By Evan Bazel, Bus 6 Participant
I feel Judaism in America is a concept and practice plagued with superficialities and grey areas. Speaking from experience in both the Conservative and Reform sects, I can declare with the utmost confidence that the religion itself, an entity comprised of numerous teachings and superstitions, has lost its importance and worth not only within Jewish-American households, but with their respective synagogues as well. Taking this into account, the NFTY in Israel trip first appeared to me as it does to most rising Juniors involved with the organization or one of the various URJ Camps partnered with it – a chance to travel with my best friends. So, as we touched down in Paris then subsequently in Prague, the idea of an exploration and unearthing of not only my Jewish self but my whole self seemed beyond preposterous; it had indeed failed to even cross my mind.
As we took our first steps into Czechia, I inhaled, allowing for my air passages to accept the foreign oxygen so graciously presented to them, or so it felt after nearly a day hurriedly navigating airports and being confined to a single seat for hours on end. It smelt of vegetables I could not put my finger on and meat, chicken or duck perhaps, being boiled for consumption, an aroma that grew on me as I wandered about Europe. This acceptance of the unfamiliar pervaded multiple aspects of my European experience, the most notable of such being the aforementioned Jewish quarter of my being.
It is not until you are a stranger in another’s land that you notice how distanced you are from yourself. In Czechia and Poland, lands void of the large of the tremendous Jewish populations present in my home of Westchester County, New York, a sense of importance surrounding being in touch with that aspect of my identity grew in a continuous, persistent manner as my stay progressed. Walking through streets and sitting in restaurants in which people similar to me forced me to walk with a bit more of me, them, and in a sense both of us, in each step, as if we walked together. Each step and each breath I took was not merely the step or breath of Evan Bazel, but the Jewish people as well.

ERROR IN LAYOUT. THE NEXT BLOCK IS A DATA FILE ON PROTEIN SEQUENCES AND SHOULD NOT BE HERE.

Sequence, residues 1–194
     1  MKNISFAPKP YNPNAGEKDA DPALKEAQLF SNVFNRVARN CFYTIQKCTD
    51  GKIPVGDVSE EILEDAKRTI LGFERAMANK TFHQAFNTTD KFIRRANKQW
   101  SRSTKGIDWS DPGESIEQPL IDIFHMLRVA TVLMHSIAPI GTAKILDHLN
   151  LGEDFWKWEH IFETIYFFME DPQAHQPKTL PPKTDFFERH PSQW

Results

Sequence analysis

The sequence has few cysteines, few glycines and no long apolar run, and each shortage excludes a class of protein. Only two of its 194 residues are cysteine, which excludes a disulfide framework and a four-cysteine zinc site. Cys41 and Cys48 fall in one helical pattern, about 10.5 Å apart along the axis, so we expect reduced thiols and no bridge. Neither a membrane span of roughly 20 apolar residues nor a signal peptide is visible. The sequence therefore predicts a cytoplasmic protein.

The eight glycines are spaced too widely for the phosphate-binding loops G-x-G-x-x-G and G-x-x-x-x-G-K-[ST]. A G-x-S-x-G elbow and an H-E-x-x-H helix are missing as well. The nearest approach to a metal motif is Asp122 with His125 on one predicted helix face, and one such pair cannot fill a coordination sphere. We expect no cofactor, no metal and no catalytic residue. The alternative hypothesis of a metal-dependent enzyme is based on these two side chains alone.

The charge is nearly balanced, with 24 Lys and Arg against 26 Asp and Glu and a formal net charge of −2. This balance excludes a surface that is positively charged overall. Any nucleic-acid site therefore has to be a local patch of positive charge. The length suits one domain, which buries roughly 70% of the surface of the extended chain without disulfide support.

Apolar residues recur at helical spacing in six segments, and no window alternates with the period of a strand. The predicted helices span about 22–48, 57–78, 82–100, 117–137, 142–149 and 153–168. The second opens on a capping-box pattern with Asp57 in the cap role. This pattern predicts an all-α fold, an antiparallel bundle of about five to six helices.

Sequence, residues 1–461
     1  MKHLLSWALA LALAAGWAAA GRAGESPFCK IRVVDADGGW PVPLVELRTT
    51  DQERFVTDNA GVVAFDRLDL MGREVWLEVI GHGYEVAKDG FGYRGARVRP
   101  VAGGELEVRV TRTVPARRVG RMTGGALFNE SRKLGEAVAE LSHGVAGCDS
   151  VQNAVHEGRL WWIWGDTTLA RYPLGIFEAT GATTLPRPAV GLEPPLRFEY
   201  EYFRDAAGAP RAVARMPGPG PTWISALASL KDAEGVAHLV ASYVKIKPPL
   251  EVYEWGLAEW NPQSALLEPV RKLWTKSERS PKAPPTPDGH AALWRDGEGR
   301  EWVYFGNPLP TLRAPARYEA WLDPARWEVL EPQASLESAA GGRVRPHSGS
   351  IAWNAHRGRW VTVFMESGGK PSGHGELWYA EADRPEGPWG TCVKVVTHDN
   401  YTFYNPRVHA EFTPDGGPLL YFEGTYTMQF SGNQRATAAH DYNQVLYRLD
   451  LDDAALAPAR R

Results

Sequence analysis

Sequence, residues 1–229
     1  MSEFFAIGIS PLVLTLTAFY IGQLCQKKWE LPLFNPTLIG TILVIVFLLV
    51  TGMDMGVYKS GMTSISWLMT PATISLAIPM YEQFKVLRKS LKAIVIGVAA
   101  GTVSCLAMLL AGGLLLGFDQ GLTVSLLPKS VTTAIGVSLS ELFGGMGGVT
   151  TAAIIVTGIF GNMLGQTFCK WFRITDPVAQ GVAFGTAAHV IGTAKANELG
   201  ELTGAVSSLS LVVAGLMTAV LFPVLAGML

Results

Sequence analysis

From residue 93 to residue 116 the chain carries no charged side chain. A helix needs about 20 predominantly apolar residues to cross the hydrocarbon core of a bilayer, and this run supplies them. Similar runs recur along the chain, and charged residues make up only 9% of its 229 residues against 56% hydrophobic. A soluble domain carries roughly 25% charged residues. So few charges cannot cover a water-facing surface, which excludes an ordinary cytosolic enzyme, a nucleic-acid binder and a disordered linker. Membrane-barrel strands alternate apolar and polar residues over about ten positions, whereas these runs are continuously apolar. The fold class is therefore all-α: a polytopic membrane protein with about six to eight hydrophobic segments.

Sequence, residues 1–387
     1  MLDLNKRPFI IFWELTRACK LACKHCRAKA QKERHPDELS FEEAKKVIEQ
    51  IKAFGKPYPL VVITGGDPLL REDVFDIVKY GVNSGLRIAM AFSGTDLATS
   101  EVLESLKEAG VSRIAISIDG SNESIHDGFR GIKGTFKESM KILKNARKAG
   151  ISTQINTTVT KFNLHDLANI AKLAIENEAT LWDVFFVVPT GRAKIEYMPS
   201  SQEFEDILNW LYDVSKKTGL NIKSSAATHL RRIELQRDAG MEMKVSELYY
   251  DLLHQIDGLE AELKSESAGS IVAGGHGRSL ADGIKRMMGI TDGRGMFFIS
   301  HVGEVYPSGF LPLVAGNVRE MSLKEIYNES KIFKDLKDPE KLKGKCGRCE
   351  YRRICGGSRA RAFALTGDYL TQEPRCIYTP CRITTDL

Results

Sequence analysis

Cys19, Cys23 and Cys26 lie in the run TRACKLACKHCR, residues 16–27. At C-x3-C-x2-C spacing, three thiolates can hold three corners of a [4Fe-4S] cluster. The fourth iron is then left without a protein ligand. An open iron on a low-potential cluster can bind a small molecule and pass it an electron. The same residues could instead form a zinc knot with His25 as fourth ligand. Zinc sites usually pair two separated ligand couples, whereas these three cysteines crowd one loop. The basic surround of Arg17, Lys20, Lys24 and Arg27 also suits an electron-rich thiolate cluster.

As I finally reached my long awaited journey to the famed Auschwitz I and Auschwitz II-Birkenau, the subtle stream of Jewish identity running within me, slowly eroding its barriers and growing, expanded in a seemingly explosive manner into a raging river. What I consider to be even more remarkable, however, was that the water running through this river consisted not just those from the small yet ancient sea of Judaism, but of seas much more vast and seas much more minuscule. I felt a great deal of confusion in my attempts to comprehend the sheer amount and magnitude of death still hanging above the barbed wire and stone chimneys reaching towards the sky, having once aided the fumes and smoke in their escape from the rooms in which the residents, or prisoners, of the camp were led to their untimely death and disposed of through means of incineration. An unrelenting wave of self despise attacked me as the overwhelming despondence and shock I expected to feel continued to fail to arise. However, being clear minded and not allowing for overwhelming emotion to usurp my common sense and reasoning, I was able to do a great deal of thinking, as Auschwitz proved to be a greatly introspective experience for me.
I learned not a newfound love and passion for Judaism. Rather, I was pleasantly surprised to find an acceptance for a piece of my being which, though I held no malice towards it, I had often neglected and deemed unimportant. The idea that there was, within my heart and the veins running to and from it, a trait which had the power to unite millions, a number so large I still to this day am incapable fit it within the highly flexible walls of my mind for inspection, and lead them to their ultimate ends provided me with a improved and mature outlook on that which makes me who I am. I looked at each aspect of myself with a swift diligence and saw an individual of great importance and character. No longer did I value the pieces of my being by how they would appear to others, but how each elevated me, in spirit and in character, emphasizing that what made me a better, more whole individual.